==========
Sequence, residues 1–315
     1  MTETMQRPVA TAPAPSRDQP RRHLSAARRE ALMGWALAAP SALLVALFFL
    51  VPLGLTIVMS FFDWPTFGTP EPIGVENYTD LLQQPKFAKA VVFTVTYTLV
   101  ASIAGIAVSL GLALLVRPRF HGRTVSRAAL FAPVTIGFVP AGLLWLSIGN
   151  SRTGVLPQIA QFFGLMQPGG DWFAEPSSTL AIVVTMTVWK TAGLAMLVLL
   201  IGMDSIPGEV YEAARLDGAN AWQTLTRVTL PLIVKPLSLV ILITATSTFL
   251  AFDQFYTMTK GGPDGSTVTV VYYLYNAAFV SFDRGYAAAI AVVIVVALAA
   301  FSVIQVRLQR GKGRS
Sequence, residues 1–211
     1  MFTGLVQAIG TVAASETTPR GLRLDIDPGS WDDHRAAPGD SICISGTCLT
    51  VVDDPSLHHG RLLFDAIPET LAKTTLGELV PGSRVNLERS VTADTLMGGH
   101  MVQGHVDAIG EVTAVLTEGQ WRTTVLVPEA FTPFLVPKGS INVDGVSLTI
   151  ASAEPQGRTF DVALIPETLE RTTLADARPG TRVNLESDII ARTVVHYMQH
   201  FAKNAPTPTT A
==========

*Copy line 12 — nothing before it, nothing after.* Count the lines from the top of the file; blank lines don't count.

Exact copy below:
   101  MVQGHVDAIG EVTAVLTEGQ WRTTVLVPEA FTPFLVPKGS INVDGVSLTI